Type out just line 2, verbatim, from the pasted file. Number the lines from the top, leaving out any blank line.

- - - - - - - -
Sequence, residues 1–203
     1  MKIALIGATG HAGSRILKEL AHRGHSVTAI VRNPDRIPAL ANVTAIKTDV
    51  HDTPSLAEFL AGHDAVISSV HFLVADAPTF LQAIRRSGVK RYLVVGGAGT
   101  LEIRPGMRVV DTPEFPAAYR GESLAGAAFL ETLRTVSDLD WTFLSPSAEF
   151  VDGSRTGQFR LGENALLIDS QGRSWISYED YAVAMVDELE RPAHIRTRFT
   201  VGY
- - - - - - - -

     1  MKIALIGATG HAGSRILKEL AHRGHSVTAI VRNPDRIPAL ANVTAIKTDV